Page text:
With respect to the charge that the $5,000.00 lump sum alimony award was inadequate counsel for appellant argues that "as a matter of law the appellant should receive a minimum of one-third of appellee's estate or approximately $8,333.00." He cites Ralston v. Ralston, Ky., 396 S.W.2d 775 (1965); Combs v. Combs, Ky., 350 S.W.2d 502 (1961); Hunt v. Hunt, Ky., 394 S.W.2d 743 (1965) and McLaughlin v. McLaughlin, Ky., 405 S.W.2d 22 (1966). These cases do not hold that "as a matter of law the (wife) should receive a minimum of one-third of the (husband's) estate." See Clark v. Clark, Ky., 425 S.W.2d 745 (1968) in which we discussed this subject and some of the cases cited by appellant. We said that "* * * in the absence of unusual circumstances, and when the wife did not have sufficient estate of her own, it was equitable to allow her a minimum of one-third of the estate accumulated from the income of the husband during the marriage." The Chancellor found that Mrs. Horn had no estate of her own and that the husband's estate was "worth between $20,000.00 and $25,000.00 net after deducting his debts and mortgages." There was no finding of unusual circumstances and none indicating special considerations. On this appeal it is appropriate for us to review the findings of fact of the Chancellor. CR 52.01; Justice v. Justice, Ky., 421 S.W.2d 868 (1967). However, appellant again has failed to refer us to the evidence which she contends would support her argument that the husband's "net estate is slightly in excess of Twenty Five Thousand Dollars ($25,000.00)." In the absence of such reference (RCA 1.210(a) 3) we can only conclude that the husband's estate was worth at least $20,000.00, and without a specific factual finding of unusual circumstances showing why a lesser amount should be allowed, the legal conclusion to be drawn is that the wife was entitled to an amount not less than one-third of that figure or $6,666.66. Clark v. Clark, Ky., 425 S.W.2d 745 (1968).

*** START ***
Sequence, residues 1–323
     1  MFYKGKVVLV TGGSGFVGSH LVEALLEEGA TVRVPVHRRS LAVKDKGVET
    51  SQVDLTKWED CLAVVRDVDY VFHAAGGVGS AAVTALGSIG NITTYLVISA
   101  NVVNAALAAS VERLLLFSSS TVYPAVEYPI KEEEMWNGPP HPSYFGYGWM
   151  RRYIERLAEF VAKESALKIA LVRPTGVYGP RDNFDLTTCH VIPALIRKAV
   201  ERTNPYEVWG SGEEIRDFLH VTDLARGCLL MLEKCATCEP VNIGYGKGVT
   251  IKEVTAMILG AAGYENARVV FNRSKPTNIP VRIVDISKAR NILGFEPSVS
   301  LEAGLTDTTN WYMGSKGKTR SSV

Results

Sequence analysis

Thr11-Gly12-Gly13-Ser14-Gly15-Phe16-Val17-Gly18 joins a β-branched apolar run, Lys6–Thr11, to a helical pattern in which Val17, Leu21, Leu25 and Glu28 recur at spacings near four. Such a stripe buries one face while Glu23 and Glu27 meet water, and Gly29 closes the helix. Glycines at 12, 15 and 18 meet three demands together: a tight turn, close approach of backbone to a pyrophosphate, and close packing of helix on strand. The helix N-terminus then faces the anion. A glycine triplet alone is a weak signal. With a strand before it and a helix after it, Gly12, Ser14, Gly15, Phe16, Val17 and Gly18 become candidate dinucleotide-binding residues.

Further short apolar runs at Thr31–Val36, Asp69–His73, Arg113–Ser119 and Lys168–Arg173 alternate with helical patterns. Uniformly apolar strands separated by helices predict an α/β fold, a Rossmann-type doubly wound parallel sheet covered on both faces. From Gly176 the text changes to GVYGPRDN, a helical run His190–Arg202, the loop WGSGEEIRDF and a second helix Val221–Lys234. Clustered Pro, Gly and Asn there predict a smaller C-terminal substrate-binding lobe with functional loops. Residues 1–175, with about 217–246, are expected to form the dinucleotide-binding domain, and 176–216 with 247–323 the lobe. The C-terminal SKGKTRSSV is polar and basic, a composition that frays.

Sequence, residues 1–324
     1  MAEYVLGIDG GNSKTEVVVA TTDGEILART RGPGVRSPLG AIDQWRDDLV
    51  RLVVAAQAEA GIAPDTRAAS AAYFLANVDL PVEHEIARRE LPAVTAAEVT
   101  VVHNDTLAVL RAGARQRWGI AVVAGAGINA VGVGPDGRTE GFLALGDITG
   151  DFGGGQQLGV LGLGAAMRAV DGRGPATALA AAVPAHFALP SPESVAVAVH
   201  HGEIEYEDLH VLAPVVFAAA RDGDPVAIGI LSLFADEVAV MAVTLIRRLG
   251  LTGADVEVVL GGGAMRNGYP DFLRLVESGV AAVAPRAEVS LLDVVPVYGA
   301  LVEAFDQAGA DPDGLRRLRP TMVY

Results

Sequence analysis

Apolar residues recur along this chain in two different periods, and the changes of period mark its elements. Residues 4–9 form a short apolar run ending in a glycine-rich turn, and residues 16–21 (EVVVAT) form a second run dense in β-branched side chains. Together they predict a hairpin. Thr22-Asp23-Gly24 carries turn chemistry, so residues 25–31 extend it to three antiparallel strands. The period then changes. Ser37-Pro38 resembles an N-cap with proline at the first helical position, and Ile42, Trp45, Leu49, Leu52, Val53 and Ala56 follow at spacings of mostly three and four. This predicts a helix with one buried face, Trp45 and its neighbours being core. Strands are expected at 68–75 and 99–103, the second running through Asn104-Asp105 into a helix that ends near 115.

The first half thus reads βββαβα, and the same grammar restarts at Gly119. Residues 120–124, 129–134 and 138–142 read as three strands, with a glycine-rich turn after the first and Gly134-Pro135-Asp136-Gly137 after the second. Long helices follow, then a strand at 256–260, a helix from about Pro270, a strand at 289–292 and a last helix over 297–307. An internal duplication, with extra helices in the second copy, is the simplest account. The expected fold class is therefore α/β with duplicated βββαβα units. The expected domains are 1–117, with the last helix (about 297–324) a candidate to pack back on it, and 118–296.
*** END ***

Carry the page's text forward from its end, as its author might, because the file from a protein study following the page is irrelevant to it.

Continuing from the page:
Finally it is argued that the wife should be allowed a reasonable fee in payment to her attorney for supplementary proceedings involved in this case. In DeSimone v. DeSimone, Ky., 388 S.W.2d 591 (1965), we wrote:

"Since appellant's (the wife's) attorney was not made a party to this appeal the questioned adequacy of the amount allowed him as a fee is not before us. McDowell v. McDowell, Ky., 378 S.W.2d 814."

Here Myrtle's attorney was not made a party to this appeal, therefore, the rule in DeSimone v. DeSimone, supra, applies.

The judgment is affirmed in part and reversed to the extent shown in this opinion.

WILLIAMS, C. J., and MILLIKEN and PALMORE, JJ., concur.